Gluten-free snacks riding shotgun.

Gluten-free snacks riding shotgun.

Flying is a totally different story.

I try to take enough food so that I limit the amount of times I eat at restaurants, this decreases my risk of being exposed to gluten. However, traveling for more than 4 days is a challenge. Food is heavy and I hate to check bags (and I need to be able to take clothes with me), fruit doesn’t keep all that well in a suitcase or backpack, and I can only eat so many nut bars a day.

Make-shift hotel room kitchen.

Make-shift hotel room kitchen.

However, the biggest reason that gluten-free travel hard is that having fun and fabulous (according to me) food-related experiences is a big part of traveling for me.

Some of my most memorable travel experiences have been associated with food. I’ll never forget the tasting menu at Spoon in Kowloon while looking out at the Hong Kong skyline, lunching on tuna and foie gras with my best friend at Le Bernardin in New York City, eating squab at Le Louis XV at the Hotel de Paris in Monte Carlo (while my handbag sat on its own fancy little stool), drinks at the Oak Room in the Plaza Hotel with my Mommy and Sister, or eating giant portions of everything at the Hash House A-Go-Go with my family in Las Vegas. I love food. Food is not just about sustenance. I enjoy sharing food with people who I love about as much as I enjoy anything.

So, as a foodie, I am trying to figure out a way to live and travel the way I want to and still be healthy. In the short time I have been dealing with this it has become clear to me that the life of a foodie with celiac disease is emotionally, socially, and practically frustrating. It is also adventurous and full of compromises.

I don’t want to eat every meal in my hotel room, but I need to be safe. So, I take enough food to cover breakfast and all snacks. If it is a short trip I take breakfast and lunch. My standard buffet includes some sort of nut bar, apples, bananas (on a short jaunt), crackers or chips of some sort, vegetables that keep (green peppers, carrots, etc), and pepperoni (Boar’s Head). On the travel day I take my standard breakfast with me – two boiled eggs and a bag-o-fruit. Ziploc bags are my friend. This compromise allows me to focus on making the restaurant experiences I do get fantastic.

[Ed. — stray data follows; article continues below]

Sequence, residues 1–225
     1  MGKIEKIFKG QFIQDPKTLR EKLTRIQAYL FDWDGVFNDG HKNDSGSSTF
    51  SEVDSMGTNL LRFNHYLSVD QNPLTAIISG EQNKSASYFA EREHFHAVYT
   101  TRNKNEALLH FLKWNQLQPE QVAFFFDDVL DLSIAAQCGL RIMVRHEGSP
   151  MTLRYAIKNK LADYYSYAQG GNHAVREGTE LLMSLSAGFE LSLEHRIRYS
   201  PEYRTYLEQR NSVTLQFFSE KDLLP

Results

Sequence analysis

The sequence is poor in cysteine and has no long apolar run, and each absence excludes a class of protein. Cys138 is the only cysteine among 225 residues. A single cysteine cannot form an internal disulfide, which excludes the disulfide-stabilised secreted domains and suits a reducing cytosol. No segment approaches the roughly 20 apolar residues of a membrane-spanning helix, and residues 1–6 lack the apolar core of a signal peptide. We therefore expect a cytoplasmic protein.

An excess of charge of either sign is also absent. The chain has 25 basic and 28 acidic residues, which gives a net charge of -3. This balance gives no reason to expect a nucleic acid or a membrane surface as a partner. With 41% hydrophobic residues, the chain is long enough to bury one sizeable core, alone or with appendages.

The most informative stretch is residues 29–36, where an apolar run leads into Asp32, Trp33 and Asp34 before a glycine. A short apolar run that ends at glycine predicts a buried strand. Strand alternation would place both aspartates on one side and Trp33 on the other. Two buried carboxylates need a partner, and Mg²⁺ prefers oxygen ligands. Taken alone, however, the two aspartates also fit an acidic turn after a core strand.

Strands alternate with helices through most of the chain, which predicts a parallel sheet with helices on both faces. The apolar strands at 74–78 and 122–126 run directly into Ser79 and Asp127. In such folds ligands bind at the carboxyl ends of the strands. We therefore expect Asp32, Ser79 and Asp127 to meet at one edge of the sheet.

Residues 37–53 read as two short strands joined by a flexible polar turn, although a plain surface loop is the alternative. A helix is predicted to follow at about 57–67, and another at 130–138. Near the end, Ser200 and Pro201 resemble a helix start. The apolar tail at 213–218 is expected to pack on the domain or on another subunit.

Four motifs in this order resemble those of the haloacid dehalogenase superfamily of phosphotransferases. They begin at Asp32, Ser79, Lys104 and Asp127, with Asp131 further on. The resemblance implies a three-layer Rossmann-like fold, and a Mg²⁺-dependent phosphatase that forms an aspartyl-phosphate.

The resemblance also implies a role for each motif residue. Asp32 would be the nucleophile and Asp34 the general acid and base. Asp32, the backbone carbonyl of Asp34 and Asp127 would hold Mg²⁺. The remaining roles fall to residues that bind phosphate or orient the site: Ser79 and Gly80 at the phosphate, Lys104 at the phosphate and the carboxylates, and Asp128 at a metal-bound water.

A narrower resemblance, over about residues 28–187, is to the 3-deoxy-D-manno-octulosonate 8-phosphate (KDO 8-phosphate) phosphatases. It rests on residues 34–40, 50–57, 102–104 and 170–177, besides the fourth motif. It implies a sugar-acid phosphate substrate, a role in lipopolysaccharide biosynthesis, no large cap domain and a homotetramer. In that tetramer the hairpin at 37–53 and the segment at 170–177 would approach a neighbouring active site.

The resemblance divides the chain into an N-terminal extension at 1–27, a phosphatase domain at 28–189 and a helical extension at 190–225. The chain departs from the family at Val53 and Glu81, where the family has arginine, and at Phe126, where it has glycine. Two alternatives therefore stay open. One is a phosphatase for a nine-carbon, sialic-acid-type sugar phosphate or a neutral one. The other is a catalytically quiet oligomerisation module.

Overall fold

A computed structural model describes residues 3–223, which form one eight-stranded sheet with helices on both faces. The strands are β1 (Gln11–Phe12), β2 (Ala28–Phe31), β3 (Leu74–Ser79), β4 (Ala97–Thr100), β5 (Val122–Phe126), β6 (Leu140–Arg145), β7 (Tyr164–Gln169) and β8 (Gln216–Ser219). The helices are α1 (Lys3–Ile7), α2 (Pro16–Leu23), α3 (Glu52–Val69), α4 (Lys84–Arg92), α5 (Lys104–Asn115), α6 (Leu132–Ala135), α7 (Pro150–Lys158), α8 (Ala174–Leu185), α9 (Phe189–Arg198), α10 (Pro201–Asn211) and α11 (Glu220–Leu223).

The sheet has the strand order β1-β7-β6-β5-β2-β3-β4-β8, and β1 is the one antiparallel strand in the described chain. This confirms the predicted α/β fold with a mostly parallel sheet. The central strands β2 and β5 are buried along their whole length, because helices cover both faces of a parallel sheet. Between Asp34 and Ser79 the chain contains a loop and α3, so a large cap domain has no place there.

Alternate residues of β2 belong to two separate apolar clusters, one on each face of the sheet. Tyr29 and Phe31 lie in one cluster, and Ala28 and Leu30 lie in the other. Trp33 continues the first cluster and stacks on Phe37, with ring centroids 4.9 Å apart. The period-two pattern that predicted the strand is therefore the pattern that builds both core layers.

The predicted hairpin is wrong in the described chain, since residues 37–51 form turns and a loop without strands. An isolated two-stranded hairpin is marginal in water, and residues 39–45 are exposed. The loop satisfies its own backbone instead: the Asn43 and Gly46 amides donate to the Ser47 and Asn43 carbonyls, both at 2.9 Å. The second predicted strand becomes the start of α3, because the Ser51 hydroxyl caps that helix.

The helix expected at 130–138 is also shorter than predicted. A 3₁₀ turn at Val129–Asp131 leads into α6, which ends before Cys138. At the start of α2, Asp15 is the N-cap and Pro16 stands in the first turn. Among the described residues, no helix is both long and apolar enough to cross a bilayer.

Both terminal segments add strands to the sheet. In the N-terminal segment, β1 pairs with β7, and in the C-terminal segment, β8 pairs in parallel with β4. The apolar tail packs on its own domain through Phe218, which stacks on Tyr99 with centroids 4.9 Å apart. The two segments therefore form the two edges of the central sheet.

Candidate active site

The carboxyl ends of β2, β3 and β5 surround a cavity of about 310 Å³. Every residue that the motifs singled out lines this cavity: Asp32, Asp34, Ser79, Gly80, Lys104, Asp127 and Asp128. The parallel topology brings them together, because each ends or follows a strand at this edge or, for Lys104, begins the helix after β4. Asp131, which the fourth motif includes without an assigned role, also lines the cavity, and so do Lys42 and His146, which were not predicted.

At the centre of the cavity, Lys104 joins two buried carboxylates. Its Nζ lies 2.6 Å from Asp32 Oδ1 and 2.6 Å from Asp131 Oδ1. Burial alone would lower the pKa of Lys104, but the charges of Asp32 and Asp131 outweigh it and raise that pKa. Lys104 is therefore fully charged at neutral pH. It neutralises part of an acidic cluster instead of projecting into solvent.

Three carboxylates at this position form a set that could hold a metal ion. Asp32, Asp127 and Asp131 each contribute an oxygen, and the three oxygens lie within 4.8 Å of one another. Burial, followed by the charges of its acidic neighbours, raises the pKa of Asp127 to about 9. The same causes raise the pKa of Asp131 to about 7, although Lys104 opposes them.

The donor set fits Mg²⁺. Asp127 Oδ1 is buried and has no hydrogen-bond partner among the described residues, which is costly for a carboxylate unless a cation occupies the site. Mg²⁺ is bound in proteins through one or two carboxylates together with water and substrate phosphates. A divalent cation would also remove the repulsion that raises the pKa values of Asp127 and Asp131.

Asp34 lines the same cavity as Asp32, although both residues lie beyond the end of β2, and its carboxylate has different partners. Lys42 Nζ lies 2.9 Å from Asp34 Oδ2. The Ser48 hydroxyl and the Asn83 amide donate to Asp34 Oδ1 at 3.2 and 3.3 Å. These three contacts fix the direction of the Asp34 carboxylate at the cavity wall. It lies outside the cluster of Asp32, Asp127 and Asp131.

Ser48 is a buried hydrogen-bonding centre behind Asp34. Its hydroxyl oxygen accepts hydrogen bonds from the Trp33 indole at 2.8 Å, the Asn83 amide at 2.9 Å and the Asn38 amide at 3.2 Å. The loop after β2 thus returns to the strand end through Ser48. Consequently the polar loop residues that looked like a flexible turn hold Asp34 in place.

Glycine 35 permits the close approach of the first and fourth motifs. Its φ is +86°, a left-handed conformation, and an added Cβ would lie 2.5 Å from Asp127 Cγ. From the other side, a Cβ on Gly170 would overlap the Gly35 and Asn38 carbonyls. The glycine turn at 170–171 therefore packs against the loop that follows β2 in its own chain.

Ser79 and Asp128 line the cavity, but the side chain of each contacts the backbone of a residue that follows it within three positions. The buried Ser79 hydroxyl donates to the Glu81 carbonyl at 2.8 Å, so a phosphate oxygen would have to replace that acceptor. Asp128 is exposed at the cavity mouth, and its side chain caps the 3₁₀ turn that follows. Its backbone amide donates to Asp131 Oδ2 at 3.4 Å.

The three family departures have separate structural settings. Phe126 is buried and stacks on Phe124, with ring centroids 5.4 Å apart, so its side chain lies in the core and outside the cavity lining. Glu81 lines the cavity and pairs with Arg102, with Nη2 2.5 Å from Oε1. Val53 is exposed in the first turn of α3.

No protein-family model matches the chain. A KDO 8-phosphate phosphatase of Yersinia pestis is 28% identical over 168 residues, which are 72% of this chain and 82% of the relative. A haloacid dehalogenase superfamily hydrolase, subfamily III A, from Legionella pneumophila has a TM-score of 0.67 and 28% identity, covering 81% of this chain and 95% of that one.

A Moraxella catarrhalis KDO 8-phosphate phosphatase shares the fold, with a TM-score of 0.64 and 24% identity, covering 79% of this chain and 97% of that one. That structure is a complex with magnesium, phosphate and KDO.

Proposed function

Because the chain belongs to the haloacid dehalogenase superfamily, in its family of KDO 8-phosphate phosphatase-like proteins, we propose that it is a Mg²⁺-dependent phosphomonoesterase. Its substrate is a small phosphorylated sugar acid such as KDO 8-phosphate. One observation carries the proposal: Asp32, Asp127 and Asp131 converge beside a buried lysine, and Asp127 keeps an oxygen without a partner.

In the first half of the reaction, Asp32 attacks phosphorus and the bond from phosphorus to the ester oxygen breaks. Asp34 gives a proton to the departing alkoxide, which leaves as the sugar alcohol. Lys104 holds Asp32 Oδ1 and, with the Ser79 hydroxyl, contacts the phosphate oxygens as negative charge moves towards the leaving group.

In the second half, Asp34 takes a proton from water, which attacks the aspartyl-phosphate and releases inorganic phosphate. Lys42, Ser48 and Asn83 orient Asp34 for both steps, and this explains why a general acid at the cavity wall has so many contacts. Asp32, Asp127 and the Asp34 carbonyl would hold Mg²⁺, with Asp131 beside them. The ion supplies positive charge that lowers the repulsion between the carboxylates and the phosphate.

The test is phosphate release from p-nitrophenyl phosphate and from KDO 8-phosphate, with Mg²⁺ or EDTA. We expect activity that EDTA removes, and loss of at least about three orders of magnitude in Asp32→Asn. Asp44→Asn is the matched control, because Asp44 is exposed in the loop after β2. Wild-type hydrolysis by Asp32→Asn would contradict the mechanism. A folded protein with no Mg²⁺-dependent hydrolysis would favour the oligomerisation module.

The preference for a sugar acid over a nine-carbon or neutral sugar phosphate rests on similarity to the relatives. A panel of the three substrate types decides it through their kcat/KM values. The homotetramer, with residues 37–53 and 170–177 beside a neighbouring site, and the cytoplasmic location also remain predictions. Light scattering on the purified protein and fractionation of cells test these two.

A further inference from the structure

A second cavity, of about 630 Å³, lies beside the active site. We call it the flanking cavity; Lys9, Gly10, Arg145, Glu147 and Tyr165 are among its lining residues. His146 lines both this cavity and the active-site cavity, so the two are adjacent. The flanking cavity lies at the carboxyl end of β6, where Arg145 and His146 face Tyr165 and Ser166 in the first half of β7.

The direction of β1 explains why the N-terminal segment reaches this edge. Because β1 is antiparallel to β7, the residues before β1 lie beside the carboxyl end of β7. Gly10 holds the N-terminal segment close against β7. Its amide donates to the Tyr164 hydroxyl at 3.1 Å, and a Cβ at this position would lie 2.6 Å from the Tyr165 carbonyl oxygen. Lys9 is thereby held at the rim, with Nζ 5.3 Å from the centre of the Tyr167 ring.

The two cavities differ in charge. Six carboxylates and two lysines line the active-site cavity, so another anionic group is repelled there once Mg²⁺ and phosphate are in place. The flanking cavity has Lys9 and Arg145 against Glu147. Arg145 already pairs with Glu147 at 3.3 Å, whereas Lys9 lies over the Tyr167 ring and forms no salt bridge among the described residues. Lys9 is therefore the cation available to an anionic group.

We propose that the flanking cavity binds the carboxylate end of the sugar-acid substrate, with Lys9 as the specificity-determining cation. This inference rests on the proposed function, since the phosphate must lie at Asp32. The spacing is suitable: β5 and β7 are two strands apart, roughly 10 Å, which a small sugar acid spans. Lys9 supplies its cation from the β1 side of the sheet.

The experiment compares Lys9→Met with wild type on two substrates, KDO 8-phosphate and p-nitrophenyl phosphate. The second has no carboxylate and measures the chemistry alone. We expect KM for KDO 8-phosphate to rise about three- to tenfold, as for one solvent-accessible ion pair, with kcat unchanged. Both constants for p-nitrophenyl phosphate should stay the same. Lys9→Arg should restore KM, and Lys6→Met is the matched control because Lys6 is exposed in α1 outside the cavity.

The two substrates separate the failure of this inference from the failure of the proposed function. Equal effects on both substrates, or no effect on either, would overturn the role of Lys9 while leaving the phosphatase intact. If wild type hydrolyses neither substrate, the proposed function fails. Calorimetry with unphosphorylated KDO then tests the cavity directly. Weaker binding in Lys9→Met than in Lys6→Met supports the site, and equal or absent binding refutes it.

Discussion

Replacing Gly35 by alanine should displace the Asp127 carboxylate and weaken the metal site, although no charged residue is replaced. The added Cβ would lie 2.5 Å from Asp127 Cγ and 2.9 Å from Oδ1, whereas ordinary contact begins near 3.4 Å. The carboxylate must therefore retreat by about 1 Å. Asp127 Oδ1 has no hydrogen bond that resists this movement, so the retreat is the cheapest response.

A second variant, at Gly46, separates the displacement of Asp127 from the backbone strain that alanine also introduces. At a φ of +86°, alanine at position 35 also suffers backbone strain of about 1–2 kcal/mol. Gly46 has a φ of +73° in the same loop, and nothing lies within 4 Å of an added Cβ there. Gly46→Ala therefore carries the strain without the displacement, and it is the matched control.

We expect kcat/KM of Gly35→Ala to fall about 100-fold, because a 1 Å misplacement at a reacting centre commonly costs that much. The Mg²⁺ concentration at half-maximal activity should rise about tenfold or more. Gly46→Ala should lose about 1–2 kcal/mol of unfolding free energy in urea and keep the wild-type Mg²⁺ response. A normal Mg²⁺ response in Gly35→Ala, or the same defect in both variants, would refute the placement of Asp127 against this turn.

Before the trip I research restaurants at my destination that have gluten-free menus or focus on farm to fork cuisine. These types of restaurants seem to be the easiest to manage because most of the staff understand what I need or are willing to listen and help. You are not going to get that at a chain place. I do not eat at chain restaurants any more. They make me sick, literally. While traveling in Richmond, Virginia recently I had the great fortune to stay near the Urban Farmhouse, a great spot for gluten-free support. I also safely enjoyed dinner at The Blue Goat. Both places feature locally sourced food. They get food.

Next, I find the closest grocery store to my hotel. This is a great way to make sure you have fresh and varied things to eat while on the go. Also, if you are in a super cool place like New York City you can hit a Dean & Deluca and really treat yourself to something you probably can’t find at home. This is also key if the room does not have a refrigerator or the mini-bar fridge is not usable (you know, the kind that has sensors and if I shove something in there and move a bottle I end up getting charged $8.00 for a Coke I won’t drink).

I love hot tea and I like to try all different kinds. Sadly, though, it sometimes is not safe and you can’t always trust what the coffee shop or restaurant is going to sell you. So, I bring my own. I am the person who drives through or walks up to Starbucks and asks for a grande cup of hot water . . . I am not ashamed. Sometimes they charge me a quarter and sometimes they don’t, either way I get my tea. Speaking of water, I could not live without my trusty green Nalgene bottle. I bought this bottle in preparation for Coachella 2012 and it is one of the best things I have ever done. I drink a gallon or more of water a day and the 32 ounce bottle allows me to keep up with that while not being tempted to drink other things. Drinks can contain gluten too (watch out for smoothies, juices, etc). In fact, you will find that airport bars, Starbucks, and other places will fill up the bottle for you if you ask. Yes, it does help the environment but I’d be lying if I said that was part of my plan. It’s a nice incidental benefit, though.

So far, these little compromises with my immune system are working out well. I get to enjoy my trips and have more confidence that I will feel well (even though I know nothing’s 100% safe unless I make it). Also, dealing with fewer restaurants decreases my stress level and allows me to better enjoy my dinner company (rather than fretting about whether the server understands or nervously googling the ingredient, restaurant, or dish on my iPhone). I still have missteps, problems, and get sick but I am learning.